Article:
You can’t scroll through LinkedIn without seeing news of another company going down with a pay equity problem. In the past, in-house counsel has been reluctant to request a pay equity study for fear of “opening a can of worms,” creating a discoverable liability, or worse, highlighting a problem that executives aren’t willing (or able) to solve.
Now more than ever, it makes sense to conduct a proactive pay equity study. In an era of ever-increasing scrutiny, companies should be proactive with pay equity analyses. They need to know if a pay inequity exists and the reasonable steps to fix any disparities. If your organization is contemplating a pay equity study, there are three important considerations to keep in mind.
Use a statistician. If you want to isolate the role of gender or other protected classes, you must build a statistical model and run a regression analysis. In many cases, you will need predictive analytics to determine what compensation should be. Raw averages between two groups don’t tell an accurate story, and may overstate or understate actual inequities.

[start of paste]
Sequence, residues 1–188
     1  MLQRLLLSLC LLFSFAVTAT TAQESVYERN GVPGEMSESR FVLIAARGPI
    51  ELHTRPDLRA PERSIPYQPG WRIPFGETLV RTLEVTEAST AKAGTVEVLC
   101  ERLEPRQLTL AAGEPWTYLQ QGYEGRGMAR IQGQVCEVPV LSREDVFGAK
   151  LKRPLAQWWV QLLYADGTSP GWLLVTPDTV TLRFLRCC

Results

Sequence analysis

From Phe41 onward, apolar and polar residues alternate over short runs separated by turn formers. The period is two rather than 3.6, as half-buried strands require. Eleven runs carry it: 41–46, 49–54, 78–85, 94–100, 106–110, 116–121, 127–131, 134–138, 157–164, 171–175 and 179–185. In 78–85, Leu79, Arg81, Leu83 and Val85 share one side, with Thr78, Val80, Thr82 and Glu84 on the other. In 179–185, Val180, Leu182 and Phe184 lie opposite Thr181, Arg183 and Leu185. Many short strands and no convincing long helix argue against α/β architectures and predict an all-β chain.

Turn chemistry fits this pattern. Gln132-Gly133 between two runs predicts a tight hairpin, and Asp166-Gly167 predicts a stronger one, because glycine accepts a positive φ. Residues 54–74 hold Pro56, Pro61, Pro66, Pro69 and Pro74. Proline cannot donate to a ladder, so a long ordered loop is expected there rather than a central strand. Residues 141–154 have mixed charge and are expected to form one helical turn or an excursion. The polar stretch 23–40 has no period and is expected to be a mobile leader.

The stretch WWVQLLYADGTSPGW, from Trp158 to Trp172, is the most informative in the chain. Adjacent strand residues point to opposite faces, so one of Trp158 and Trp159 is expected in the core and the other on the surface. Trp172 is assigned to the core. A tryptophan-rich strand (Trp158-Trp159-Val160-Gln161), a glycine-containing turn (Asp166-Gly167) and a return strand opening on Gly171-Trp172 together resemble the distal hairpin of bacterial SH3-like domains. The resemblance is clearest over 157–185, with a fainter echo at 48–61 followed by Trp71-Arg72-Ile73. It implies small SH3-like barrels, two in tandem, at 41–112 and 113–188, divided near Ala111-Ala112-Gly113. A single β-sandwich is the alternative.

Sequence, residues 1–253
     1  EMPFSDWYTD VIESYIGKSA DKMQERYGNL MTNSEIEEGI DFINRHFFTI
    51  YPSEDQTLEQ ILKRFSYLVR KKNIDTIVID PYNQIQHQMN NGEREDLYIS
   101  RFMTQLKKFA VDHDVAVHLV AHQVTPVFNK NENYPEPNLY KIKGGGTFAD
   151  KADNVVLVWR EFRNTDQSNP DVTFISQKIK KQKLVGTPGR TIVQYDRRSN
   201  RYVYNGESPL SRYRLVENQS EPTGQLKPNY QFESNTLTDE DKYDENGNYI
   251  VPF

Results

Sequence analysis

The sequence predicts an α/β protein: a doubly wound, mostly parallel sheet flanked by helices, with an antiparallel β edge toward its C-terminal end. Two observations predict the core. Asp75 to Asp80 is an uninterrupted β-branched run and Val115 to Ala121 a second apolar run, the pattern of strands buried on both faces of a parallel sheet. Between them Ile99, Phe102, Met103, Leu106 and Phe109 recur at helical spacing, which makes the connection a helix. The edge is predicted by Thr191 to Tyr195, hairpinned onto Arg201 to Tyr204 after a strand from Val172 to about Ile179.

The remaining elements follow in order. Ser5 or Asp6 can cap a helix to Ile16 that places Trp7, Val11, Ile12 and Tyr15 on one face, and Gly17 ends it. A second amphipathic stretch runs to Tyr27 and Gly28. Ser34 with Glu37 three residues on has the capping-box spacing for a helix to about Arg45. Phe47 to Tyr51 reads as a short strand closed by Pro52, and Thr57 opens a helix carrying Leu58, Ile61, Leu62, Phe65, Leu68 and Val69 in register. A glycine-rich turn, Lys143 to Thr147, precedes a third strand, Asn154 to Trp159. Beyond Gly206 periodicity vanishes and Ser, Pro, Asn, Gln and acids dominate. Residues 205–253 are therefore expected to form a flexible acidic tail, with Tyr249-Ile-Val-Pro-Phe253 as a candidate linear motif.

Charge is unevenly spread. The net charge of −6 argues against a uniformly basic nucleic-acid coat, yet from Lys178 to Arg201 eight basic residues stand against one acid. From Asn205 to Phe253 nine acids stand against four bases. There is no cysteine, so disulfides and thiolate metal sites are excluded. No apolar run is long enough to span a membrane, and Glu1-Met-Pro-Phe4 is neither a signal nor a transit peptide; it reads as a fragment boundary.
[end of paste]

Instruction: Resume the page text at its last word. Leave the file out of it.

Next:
Use outside counsel. To maximize attorney-client privilege (or confidentiality) while assessing and mitigating risk, hire an experienced labor and employment attorney familiar with the particular laws of your state or locale. Picking up where Federal law has left off, many state and local jurisdictions are passing their own laws, creating a dynamic policy environment.
Determine scope. You don’t necessarily need to fix all pay disparity problems at once. It’s possible to fix one department or one location or one job class. Working with outside counsel, you can identify the root causes of disparities and potential mitigation strategies in a discrete, manageable fashion.
Taking a “look under the hood” to see if you might have a potentially large, costly problem may sound scary. But knowing your potential exposure now by assembling the right team to conduct a proactive pay equity study will give you the hard-core facts you need to make informed business decisions.